Businesses in the UK are at risk of a creativity crisis due to workplace cultures that stifle innovation, according to new research published by Microsoft.
Uninspiring workplaces (41%), a stressful atmosphere (34%) and a lack of appropriate spaces to focus and think alone (28%) were all identified as major inhibitors to creativity.
Two-in-five workers surveyed (40%) said that creativity and innovation are neither encouraged nor rewarded within their workplace – despite creativity being one of the top three skills workers will need to thrive by 2020, according to the Word Economic Forum.
The research, which collates the views of more than 1,100 workers, found that while almost three-quarters of respondents (73%) considered themselves to be creative, demands of the modern workplace needed rethinking, with symptoms such as overworking and stress stifling the nation’s ability to tackle problems and produce good ideas.
Half of workers (50%) felt least creative when tired, 45% when stressed, while existing workloads (39%) and organisational processes (32%) were also cited as adding to the creativity crisis.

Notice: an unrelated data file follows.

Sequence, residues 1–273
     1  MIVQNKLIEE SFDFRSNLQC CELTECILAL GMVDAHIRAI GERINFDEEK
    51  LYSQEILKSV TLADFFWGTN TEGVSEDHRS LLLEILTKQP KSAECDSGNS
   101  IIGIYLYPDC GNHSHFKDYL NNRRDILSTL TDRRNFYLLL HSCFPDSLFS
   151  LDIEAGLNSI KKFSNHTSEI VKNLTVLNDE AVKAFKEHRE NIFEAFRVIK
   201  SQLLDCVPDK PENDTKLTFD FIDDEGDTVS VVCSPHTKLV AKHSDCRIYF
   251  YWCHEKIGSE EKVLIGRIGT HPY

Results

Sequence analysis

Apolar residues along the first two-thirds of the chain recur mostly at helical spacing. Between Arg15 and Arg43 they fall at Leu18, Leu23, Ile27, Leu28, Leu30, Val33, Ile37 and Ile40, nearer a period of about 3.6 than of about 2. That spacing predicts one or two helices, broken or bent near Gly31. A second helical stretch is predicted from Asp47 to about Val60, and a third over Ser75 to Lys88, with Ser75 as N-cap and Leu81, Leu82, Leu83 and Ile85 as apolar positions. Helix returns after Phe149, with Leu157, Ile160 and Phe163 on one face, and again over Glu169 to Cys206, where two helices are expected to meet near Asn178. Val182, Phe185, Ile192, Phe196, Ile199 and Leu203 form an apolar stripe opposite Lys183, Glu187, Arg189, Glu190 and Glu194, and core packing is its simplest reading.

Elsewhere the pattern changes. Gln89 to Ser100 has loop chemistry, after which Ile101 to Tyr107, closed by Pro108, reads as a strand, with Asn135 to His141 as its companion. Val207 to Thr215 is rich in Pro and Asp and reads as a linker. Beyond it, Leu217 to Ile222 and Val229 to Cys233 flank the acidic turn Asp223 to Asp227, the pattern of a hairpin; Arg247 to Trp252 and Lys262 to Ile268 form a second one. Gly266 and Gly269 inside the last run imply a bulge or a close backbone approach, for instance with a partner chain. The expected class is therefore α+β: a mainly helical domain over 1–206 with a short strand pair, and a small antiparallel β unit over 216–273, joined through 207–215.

Respondents also felt that their organisations were doing little to address the problem. While 49% of employees felt that learning new creativity skills would help them be more effective in their role, three-quarters (75%) said they hadn’t been offered training to nurture these skills within the past two years.
Scenarios where respondents felt most able to exercise creativity and problem solving were when they had time to themselves (42%), whille taking a walk (26%) or taking time away from the office by being outdoors (21%).
Ryan Asdourian, Windows and Surface Lead Microsoft UK, explained: “Any organisation that believes creativity is the privilege of a few senior execs is missing out on huge opportunities for growth. Creativity is everywhere if you know where to look, but like all skills, it needs to be nurtured and given the right tools.
“Businesses must do more to provide employees with the right working environment to handle different kinds of tasks, and the flexibility to get out of the office to spark their creativity. This research shows a clear lack of investment in innovation and creativity training, which is especially alarming when we consider the potential impact to the UK economy.”